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This page will be updated continuously to reflect the most recent information. This page was last updated on January 6, 2021.


On December 27, 2020, the Coronavirus Response and Relief Supplemental Appropriations Act of 2021 (“COVID relief law”) was signed into law – providing additional relief to non-profits, small businesses, and their employees struggling as a result of the COVID-19 pandemic. Updated information on available resources is below.

Update: Congress refreshed this program in the COVID relief law, and new loans will soon be available until March 31, 2021. The Coronavirus Aid, Relief, and Economic Security (CARES) Act created a new Small Business Administration (SBA) loan program, called the “Paycheck Protection Program” (PPP). The Paycheck Protection Program provides small businesses and non-profits with zero-fee loans of up to $10 million to cover payroll and other operating expenses.

Congress extended PPP eligibility to additional types of businesses and non-profits, including small housing cooperatives, 501(c)(6) organizations, and destination marketing organizations. Additionally, the COVID relief law enables businesses and non-profits that have already received a PPP loan to apply for a second forgivable loan of up to $2 million, and new categories of expenses now qualify for forgiveness. Please click the link above for more information.

Update: Congress refreshed the EIDL emergency advance program in the COVID relief law, and emergency grants for eligible small businesses and non-profits will soon be available. The CARES Act expanded eligibility for SBA economic injury disaster loans (EIDLs). EIDLs are loans up to $2 million with interest rates of 3.75% for businesses and 2.75% for nonprofits. The CARES Act also established an EIDL emergency grant program, which allows loan applicants to request an advance of up to $10,000 to keep employees on payroll, pay for sick leave, or otherwise pay business obligations. These emergency advance grants do not need to be repaid.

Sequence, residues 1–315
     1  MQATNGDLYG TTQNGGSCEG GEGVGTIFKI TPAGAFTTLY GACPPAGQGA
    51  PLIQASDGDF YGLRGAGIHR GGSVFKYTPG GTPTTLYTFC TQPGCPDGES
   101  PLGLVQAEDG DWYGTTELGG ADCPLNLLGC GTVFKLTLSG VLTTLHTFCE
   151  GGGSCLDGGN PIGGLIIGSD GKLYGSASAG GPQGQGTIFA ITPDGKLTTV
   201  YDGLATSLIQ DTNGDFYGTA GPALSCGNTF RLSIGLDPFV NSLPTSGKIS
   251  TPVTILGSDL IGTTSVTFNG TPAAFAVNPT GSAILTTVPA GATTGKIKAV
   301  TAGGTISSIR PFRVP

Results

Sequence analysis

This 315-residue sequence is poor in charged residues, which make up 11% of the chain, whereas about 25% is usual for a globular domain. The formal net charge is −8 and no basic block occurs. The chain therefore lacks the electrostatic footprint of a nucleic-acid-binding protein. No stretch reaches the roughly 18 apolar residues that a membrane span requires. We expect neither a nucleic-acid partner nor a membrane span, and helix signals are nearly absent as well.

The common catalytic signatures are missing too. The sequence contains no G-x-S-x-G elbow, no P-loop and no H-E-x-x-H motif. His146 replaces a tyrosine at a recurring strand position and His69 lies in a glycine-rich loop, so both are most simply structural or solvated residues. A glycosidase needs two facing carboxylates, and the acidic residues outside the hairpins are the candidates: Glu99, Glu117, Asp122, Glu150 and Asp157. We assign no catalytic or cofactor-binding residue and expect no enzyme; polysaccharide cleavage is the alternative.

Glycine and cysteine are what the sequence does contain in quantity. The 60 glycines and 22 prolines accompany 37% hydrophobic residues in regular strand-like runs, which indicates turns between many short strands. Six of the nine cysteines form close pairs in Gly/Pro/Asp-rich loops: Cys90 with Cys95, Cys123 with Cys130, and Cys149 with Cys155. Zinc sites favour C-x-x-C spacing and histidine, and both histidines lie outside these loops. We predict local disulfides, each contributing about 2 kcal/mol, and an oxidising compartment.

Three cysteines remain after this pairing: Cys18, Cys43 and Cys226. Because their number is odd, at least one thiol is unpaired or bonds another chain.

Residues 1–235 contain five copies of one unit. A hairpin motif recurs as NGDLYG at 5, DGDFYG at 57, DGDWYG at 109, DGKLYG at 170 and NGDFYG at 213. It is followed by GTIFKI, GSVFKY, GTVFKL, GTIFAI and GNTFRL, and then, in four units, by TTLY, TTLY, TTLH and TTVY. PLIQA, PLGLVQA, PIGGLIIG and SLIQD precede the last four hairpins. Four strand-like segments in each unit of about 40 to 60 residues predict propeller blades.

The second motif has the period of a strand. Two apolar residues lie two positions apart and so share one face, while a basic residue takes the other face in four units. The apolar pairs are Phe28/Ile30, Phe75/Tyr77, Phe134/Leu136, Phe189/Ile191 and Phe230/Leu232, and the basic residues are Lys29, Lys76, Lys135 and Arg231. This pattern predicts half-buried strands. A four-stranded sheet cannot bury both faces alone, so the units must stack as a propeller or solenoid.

The EIDL emergency advance program was closed to new applicants over the summer after the SBA ran out of funding. The COVID relief law allocates an additional $20 billion of targeted funding for the emergency advance grants, which will allow SBA to resume the program. However, the law also restricts eligibility to qualified applicants located in low-income communities.  For more information on EIDL emergency advances and to see whether your business is eligible to apply, please click the link above.

The COVID relief law provides $15 billion nationwide to a new SBA grant program for live venues impacted by the public health crisis. Eligible grant recipients include live venue operators, promoters or theatrical producers, independent movie theatre operators, museum operators, and talent representatives. Of the total amount, $2 billion is set aside for eligible entities that employ fewer than 50 full-time employees. Grants are awarded by the SBA, which will make application information available as soon as possible. Check back for updates and click the link above for more information on the new program.